www.scu.edu/engineering

According to the team, the new bamboo gravity system components are particularly exciting because, in addition to functioning structurally as substitutes for conventional timber components, they can be easily substituted physically in established timber construction practice without requiring the trades to master bamboo joinery techniques—thereby eliminating potential resistance to adoption by the building industry. While a separate Senior Design team works on turning gravity walls into shear walls, this group is busy documenting their testing results in order to have their system approved for use in time for the October competition. Read more about SCU’s Solar Decathlon entry on the team’s website: http://sd13.scu.edu.

Engineering with a Mission


A Prized Experience Last fall, when two scientists were awarded the Nobel Prize for their work reprogramming mature human cells to become pluripotent, two Santa Clara bioengineering students were especially excited: they were already helping to commercialize the technology by taking the discovery from theory to reality through their work with ALSTEM, a Silicon Valley biotechnology company. Under the supervision of ALSTEM founder and CEO Dr. Gary Li and Zhiwen (Jonathan) Zhang, SCU’s bioengineering associate professor, students Dane Tomseth and Robert West are working on increasing the reprogramming efficiency and potency of human induced pluripotent stem cells (iPSCs) for their Senior Design project, circumventing ethical issues by using skin cells to mimic human embryonic stem cells. Working across disciplines of biomolecular, stem cell, and tissue engineering, the students have been learning the process of molecular cloning and engineering genetic constructs to generate the iPSCs that may be used to combat cancer, diabetes, Parkinson’s disease, and other maladies.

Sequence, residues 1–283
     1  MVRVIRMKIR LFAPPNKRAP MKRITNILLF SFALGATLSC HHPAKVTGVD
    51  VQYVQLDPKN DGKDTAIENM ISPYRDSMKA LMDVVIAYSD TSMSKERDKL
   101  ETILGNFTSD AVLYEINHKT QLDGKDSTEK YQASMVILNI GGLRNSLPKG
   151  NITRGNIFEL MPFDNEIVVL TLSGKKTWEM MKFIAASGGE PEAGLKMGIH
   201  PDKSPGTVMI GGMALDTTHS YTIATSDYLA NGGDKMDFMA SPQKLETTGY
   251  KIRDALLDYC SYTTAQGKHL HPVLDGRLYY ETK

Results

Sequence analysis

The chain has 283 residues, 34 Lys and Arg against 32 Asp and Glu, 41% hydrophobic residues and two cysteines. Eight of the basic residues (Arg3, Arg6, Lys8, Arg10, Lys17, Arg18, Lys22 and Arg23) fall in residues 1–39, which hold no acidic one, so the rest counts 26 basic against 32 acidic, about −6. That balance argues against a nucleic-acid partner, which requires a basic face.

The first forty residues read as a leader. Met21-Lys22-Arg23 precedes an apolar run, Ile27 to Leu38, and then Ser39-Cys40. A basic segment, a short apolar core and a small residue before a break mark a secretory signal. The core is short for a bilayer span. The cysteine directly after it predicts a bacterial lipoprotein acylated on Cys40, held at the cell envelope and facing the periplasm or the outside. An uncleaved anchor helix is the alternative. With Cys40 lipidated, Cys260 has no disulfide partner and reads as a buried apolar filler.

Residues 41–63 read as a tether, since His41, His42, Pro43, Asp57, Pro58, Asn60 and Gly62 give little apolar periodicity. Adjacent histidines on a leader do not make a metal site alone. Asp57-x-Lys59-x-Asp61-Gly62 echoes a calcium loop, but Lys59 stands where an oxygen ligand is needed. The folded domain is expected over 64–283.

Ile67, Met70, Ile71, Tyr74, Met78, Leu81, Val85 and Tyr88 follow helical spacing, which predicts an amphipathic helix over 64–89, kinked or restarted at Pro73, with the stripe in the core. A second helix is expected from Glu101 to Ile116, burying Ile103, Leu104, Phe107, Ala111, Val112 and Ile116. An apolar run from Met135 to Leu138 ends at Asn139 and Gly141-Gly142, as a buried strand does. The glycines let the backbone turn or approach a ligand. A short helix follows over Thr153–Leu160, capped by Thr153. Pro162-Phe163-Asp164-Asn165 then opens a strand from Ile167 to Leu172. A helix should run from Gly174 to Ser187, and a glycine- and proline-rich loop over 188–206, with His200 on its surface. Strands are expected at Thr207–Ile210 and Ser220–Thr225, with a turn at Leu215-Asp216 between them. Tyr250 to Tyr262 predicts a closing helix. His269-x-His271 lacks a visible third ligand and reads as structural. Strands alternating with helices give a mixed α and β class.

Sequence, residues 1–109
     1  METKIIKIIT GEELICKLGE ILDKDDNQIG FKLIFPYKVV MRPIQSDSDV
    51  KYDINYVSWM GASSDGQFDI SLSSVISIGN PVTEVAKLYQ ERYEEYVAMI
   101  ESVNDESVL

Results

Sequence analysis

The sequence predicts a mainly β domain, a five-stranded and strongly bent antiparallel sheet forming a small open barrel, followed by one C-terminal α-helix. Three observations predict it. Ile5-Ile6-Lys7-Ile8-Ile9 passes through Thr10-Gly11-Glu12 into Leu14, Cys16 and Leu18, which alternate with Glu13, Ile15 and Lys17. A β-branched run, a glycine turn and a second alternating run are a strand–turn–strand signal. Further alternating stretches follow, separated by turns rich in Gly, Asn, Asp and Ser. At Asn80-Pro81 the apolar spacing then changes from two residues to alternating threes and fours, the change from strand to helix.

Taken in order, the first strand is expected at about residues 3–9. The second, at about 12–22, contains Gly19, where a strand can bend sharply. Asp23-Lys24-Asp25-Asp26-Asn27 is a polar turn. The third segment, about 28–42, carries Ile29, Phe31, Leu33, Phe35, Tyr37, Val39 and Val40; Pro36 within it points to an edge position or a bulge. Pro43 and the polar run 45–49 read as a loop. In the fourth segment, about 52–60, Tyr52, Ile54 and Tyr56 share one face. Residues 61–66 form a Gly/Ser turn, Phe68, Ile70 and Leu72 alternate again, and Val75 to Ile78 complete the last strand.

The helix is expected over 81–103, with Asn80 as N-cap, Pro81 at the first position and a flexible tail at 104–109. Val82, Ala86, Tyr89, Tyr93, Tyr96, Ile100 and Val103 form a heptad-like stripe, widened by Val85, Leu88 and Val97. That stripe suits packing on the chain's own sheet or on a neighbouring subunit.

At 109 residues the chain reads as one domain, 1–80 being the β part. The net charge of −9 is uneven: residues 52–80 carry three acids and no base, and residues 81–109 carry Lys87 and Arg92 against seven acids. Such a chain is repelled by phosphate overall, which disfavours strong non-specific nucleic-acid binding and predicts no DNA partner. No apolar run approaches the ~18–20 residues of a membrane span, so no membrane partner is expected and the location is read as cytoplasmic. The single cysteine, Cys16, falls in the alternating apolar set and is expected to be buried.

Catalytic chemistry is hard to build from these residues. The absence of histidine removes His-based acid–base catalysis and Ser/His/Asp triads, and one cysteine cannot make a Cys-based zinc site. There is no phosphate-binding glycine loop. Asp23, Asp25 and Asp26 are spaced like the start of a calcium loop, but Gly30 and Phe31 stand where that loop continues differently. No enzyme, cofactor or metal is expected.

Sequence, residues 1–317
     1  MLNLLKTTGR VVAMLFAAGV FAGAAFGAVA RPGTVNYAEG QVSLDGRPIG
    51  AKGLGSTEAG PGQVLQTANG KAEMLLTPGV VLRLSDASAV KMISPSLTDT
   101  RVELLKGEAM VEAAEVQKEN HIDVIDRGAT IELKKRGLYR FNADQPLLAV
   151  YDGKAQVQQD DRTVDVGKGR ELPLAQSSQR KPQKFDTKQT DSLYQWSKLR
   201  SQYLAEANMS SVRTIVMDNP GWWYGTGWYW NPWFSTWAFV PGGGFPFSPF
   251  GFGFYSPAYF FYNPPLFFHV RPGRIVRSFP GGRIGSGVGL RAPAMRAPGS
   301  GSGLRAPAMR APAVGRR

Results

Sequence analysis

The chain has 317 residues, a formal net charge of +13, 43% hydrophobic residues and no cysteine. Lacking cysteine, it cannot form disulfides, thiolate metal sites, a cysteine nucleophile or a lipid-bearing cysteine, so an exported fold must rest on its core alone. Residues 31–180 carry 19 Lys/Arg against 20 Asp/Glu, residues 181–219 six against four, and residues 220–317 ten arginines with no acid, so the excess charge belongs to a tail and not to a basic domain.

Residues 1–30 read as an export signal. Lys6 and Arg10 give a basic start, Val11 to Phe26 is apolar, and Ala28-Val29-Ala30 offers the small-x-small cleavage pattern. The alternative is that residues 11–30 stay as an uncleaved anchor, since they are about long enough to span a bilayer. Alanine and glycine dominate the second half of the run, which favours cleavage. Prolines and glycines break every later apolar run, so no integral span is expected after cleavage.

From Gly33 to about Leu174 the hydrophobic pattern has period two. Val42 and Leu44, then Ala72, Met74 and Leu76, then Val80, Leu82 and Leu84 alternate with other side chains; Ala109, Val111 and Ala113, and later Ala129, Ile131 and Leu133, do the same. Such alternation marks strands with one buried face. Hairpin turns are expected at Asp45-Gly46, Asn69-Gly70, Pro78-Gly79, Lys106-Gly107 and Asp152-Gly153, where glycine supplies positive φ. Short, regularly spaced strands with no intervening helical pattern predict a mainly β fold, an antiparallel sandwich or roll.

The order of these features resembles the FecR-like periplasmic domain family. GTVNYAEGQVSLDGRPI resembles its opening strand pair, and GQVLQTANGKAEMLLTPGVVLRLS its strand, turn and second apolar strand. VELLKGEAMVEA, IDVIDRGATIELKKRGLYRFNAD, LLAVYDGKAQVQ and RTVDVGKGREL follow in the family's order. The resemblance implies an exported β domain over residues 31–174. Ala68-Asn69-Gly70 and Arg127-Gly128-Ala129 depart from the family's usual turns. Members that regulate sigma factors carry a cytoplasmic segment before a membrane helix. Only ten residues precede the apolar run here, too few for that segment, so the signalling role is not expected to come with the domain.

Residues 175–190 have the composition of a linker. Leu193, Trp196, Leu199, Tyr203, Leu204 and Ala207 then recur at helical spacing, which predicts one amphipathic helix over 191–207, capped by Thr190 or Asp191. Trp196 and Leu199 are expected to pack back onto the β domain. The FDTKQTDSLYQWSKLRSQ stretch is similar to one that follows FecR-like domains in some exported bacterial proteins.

Santa Clara’s strategic location in the heart of Silicon Valley’s biotech industry affords a fruitful synergy for Bronco bioengineers. “We’ve worked extensively to build collaborations with local biotech leaders for internships and co-supervision of Senior Design projects—more than half of which are being done for company partners,” said Zhang. “Rigorous academics and collaboration with local industry creates a very strong bioengineering program here at SCU.” Tomseth and West couldn’t be happier with their Senior Design experience. “Dr. Li is so helpful,” they said. “He’s very excited to see us learn. Dr. Zhang provided us with a great opportunity.” Zhang added, “This is exactly what we expected; truly outstanding students can contribute to the advancement of Silicon Valley firms, and our students are doing just that.”